Hair today and gone tomorrow, along with your mojo

About ten years ago, I was sitting outside in the garden, enjoying the first real sunbathing of the year, leaning against our back door, when I felt the back of my head go cold, as if a cold compress had been applied to it suddenly. "Heh up," I thought. "That's foony." I always say "foony" to indicate that it obviously isn't funny, just vaguely, possibly half interesting.

Over the winter, my bald spot - hardly a spot, really, more a dot the previous year - had grown big enough for it to feel icy when in contact with a colder surface.

I'd gone through life with a fine head of dark hair (oh, yes, and I have pics to prove it) and had not really taken in men's hair, ample or otherwise. But since that change-of-life moment, I have become awfully conscious of other blokes' hair, observing the thinnings, tracking the recedings. And I've come to a conclusion that I'd like to share.

To get ahead as a manager in the Premiership, you need a good head of hair. Look at Fergie, Carlo Ancelotti, Arsène Wenger, Harry Redknapp, Roberto Mancini and Kenny Dalglish - managers of what look like our top six clubs this season (Man United, Chelsea, Arsenal, Spurs, Man City and Liverpool). Observing them from all angles using mirrors and by getting up close to the telly and creeping behind them at post-match press conferences, I would say all of them are sans bald spots. Some are going greyish, like Wenger and Mancini, and some are a bit thinner than they were, like Dalglish, but no cheeky kid could creep up behind them and shout, "Baldie head!"

Bald truth

At the bottom of the Prem, we have a clutch of definite receders, if not actual baldies, such as Steve Kean of Blackburn, Ian Holloway of Blackpool, Tony Pulis of Stoke and Avram Grant of West Ham. Mick McCarthy of Wolves has some sticky-out, healthy-looking grey hair but it's stuck at the back of his head, about to slide down over his neck.

Why is this? Being a successful manager is the same as being a successful player - confidence is vital. Having a fine head of hair helps to make you decisive, unselfconscious, strong.

I think Rooney began to lose some of his confidence when his hair started disappearing. Berbatov's loss is less obvious, but since thinning at the temples he's been a lesser player. And since Torres stopped dyeing his hair, he's been worried about everything, really.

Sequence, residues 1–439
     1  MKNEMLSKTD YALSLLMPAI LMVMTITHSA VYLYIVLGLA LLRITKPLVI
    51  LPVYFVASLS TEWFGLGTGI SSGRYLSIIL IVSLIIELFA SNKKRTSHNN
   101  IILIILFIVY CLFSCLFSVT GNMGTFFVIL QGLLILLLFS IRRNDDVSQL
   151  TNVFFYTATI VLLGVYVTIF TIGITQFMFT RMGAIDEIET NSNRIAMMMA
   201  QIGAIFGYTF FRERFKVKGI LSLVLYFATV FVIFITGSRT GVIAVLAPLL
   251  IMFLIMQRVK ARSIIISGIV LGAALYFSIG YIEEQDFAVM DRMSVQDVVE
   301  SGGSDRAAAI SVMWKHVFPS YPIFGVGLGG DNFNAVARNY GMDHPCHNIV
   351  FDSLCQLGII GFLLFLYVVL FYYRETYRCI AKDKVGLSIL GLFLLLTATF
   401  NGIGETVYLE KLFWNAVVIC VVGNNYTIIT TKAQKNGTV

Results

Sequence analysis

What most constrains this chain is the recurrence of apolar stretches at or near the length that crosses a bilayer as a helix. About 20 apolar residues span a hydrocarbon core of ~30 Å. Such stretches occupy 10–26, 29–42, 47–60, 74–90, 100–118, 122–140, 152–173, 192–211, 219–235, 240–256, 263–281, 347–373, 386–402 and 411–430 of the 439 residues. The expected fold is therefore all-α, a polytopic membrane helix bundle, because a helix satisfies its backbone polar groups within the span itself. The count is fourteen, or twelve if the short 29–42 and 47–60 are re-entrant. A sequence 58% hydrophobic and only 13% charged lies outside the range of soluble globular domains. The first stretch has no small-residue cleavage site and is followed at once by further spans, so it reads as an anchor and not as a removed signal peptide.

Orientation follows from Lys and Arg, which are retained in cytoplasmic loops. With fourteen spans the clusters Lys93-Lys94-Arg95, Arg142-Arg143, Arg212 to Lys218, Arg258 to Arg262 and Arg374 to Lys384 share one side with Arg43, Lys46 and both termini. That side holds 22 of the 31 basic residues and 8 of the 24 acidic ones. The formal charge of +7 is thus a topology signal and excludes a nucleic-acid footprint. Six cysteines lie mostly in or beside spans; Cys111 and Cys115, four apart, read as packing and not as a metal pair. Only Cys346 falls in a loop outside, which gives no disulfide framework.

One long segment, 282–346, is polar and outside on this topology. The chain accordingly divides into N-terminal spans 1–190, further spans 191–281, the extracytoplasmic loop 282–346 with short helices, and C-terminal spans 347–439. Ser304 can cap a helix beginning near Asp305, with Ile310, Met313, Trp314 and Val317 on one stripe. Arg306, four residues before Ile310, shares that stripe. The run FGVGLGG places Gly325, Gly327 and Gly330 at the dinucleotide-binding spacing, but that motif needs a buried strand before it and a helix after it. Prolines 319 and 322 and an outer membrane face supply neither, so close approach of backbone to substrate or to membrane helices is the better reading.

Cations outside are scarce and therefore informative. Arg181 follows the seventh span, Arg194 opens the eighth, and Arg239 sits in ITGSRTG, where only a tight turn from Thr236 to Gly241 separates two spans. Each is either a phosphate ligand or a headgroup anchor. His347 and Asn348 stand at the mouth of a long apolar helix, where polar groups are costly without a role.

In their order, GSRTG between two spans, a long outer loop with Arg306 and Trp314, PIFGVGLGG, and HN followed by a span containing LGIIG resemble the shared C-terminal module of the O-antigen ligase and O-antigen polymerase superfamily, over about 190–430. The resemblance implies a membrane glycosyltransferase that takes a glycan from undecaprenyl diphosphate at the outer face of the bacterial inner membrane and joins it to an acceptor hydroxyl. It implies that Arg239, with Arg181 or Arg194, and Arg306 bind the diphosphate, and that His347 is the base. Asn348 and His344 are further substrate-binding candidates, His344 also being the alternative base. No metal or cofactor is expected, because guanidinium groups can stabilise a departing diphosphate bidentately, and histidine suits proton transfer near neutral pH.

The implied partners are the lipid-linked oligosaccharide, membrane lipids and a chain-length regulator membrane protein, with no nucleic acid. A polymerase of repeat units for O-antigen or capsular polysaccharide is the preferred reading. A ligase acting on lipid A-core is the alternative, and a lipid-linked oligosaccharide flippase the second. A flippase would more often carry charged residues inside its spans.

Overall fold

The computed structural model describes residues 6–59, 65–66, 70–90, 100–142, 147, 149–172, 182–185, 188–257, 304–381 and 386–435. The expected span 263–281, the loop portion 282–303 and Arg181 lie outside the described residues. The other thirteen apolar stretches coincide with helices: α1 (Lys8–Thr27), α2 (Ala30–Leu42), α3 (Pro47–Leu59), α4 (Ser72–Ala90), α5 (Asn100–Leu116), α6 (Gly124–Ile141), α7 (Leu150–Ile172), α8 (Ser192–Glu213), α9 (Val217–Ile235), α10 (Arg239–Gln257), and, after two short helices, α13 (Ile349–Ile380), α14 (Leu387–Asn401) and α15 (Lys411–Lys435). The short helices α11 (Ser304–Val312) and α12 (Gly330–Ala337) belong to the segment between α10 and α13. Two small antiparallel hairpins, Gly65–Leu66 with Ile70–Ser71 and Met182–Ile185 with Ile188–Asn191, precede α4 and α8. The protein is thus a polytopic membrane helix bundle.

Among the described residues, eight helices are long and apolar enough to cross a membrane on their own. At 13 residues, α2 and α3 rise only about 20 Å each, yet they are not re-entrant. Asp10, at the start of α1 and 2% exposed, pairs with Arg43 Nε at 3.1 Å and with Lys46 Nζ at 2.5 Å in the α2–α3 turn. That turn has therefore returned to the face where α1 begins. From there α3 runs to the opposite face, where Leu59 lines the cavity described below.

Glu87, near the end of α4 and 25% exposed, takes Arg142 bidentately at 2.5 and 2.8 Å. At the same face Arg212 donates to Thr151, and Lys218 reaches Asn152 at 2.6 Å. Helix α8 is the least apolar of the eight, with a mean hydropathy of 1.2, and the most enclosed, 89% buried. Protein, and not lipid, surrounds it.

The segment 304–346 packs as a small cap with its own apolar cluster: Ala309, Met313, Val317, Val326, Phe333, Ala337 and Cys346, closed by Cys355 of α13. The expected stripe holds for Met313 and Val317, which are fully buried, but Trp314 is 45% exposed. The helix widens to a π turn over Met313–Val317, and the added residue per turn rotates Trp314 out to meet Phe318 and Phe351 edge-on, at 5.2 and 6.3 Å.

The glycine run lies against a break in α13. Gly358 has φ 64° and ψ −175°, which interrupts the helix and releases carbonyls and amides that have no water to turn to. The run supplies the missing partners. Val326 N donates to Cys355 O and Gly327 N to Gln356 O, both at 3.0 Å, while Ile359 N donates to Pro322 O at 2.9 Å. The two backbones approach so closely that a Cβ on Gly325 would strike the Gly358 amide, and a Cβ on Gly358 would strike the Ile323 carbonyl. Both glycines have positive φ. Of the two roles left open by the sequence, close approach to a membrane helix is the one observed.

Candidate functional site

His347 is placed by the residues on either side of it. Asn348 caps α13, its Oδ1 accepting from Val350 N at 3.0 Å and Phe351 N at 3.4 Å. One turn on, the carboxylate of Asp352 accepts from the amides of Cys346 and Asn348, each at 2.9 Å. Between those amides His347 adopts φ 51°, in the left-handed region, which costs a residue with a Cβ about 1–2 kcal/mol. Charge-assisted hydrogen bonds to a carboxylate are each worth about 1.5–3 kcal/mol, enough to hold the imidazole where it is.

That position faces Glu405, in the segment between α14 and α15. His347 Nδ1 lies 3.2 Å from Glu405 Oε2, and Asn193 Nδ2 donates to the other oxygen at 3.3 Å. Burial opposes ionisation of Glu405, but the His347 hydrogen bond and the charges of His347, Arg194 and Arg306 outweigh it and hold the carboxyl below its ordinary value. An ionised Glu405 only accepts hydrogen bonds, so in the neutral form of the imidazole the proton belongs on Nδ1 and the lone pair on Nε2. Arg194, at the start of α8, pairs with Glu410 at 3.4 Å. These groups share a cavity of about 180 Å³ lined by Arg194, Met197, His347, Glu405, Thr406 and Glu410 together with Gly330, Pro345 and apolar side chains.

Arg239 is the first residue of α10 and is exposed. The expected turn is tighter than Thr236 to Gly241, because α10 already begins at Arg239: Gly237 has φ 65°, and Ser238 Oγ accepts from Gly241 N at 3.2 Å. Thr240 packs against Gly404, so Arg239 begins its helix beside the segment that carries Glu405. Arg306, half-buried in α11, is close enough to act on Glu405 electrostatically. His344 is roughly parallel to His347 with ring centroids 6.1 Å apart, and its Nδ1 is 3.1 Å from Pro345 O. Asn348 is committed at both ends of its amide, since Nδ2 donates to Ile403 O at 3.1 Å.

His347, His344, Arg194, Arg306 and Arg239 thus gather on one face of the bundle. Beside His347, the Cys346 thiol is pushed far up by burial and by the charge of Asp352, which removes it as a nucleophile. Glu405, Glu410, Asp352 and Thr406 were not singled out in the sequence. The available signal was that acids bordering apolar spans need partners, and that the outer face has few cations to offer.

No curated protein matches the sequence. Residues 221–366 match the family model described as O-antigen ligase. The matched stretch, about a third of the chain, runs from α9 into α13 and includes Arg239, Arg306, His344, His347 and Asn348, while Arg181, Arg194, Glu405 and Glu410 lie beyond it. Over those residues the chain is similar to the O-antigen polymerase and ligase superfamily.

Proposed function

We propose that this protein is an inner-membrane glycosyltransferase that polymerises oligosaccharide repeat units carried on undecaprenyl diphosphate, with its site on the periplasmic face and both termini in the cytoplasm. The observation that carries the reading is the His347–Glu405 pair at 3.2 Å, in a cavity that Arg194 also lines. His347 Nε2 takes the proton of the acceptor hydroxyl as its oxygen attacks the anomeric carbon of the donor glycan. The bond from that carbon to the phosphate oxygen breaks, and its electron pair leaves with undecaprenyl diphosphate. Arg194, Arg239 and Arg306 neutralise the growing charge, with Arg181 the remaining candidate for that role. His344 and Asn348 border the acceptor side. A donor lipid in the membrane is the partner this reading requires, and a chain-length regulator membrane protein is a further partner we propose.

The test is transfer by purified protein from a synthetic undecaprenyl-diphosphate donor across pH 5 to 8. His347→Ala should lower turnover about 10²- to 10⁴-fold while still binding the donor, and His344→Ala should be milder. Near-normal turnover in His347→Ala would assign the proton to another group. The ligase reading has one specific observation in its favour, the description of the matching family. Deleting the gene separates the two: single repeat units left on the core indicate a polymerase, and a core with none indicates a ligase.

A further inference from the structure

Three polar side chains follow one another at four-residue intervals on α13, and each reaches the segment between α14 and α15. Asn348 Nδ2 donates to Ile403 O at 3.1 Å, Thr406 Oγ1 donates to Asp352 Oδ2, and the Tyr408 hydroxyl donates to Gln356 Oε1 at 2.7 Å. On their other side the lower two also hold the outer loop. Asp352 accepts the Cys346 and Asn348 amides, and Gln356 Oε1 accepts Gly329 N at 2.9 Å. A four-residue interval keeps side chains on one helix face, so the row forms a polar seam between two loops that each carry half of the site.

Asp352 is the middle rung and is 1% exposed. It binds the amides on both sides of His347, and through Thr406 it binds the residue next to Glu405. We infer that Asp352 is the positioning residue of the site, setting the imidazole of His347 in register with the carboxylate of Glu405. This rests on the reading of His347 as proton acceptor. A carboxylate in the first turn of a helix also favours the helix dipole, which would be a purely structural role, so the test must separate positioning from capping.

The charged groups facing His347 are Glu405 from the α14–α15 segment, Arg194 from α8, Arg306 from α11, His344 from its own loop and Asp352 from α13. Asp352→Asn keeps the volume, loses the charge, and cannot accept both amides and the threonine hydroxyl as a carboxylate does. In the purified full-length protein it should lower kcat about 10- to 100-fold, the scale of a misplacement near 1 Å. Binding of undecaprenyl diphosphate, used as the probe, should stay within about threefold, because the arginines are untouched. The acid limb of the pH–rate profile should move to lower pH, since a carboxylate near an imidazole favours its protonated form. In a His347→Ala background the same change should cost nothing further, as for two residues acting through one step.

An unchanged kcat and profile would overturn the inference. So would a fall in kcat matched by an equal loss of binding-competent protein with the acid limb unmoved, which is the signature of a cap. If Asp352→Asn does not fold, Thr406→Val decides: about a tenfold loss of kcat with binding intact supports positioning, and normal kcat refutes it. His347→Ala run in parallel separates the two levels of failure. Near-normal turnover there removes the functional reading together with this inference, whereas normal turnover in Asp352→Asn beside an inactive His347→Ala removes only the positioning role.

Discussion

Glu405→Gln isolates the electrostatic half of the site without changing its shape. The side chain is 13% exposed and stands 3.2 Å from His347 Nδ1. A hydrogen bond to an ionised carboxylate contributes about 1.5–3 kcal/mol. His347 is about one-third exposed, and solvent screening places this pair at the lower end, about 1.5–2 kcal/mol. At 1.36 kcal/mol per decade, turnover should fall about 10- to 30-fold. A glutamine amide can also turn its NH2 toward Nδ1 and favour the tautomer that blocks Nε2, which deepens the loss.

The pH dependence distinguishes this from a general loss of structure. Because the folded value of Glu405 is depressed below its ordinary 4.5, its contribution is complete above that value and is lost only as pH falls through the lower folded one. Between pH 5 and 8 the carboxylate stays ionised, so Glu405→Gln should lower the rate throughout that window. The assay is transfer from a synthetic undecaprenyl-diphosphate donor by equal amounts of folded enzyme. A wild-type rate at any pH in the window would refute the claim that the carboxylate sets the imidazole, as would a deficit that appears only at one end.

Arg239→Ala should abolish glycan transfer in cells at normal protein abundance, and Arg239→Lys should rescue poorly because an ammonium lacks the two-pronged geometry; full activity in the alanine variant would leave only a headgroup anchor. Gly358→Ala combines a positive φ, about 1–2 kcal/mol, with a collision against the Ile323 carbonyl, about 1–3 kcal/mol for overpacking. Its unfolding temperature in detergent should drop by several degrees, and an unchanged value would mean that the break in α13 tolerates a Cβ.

Rubbish, you say - there is no connection, how could there be? This is all bollocks. You'll be theorising next about their star signs or reading their tea leaves.

OK, then. Note how those six hirsute managers have deputies and assistants who are far from well endowed on the hair front. Fergie's deputy, shoved in front of the cameras when Fergie can't be arsed, which is most of the time, is the almost hairless Mike Phelan. Joe Jordan at Spurs is definitely thinning, though you wouldn't say so to his face, as is Steve Clarke at Liverpool. Hmm, not sure about Pat Rice at Arsenal. Wenger never lets him out unattended or appear in public, so it's hard to check his hairline. At Man City, you have David Platt, now a proper slaphead, while football's most noted baldie, Ray Wilkins, was assistant manager at Chelsea till he got the boot. And why? Lack of hair. Lack of confidence. Lack of respect. It's obvious.

So the best you can hope for with unfortunate hair is to be a deputy, not a leader. It eats into your soul: you get seen as second fiddle, an also-ran, and you begin to act accordingly.

Look at William Hague - never had a chance of staying leader, not with his bonce - or Iain Duncan Smith. Cameron is in for the long haul, till he leans back one day and feels that cold compress sap his mojo.

It's pretty obvious that José Mourinho's success is due to his fine head of hair. Gives him strength. He could walk into the Spurs job, once Harry ascends to England, or Fergie's.

There is one exception to the rule: Pep Guardiola at Barcelona. Must have been alarming as a young man to lose so much so quickly, yet clearly it has not hindered his progress. So far. But watch carefully. Mourinho is beginning to get him worried, hair-wise . . .

Hunter Davies is a journalist, broadcaster and profilic author perhaps best known for writing about the Beatles. He is an ardent Tottenham fan and writes a regular column on football for the New Statesman.

This article first appeared in the 02 May 2011 issue of the New Statesman, The Firm

David Young
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The Tories are the zombie party: with an ageing, falling membership, still they stagger on to victory

One Labour MP in Brighton spotted a baby in a red Babygro and said to me: “There’s our next [Labour] prime minister.”

All football clubs have “ultras” – and, increasingly, political parties do, too: although, in the case of political parties, their loudest and angriest supporters are mostly found on the internet. The SNP got there first: in the early days of email, journalists at the Scotsman used to receive bilious missives complaining about its coverage – or, on occasion, lack of coverage – of what the Scottish National Party was up to. The rest soon followed, with Ukip, the Labour Party and even the crushed Liberal Democrats now boasting a furious electronic horde.